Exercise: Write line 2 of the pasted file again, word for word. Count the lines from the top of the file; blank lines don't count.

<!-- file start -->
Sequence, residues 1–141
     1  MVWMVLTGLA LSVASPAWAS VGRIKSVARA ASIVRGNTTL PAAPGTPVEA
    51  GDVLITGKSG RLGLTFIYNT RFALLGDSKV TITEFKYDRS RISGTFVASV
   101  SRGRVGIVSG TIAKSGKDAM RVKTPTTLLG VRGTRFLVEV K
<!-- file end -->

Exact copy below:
     1  MVWMVLTGLA LSVASPAWAS VGRIKSVARA ASIVRGNTTL PAAPGTPVEA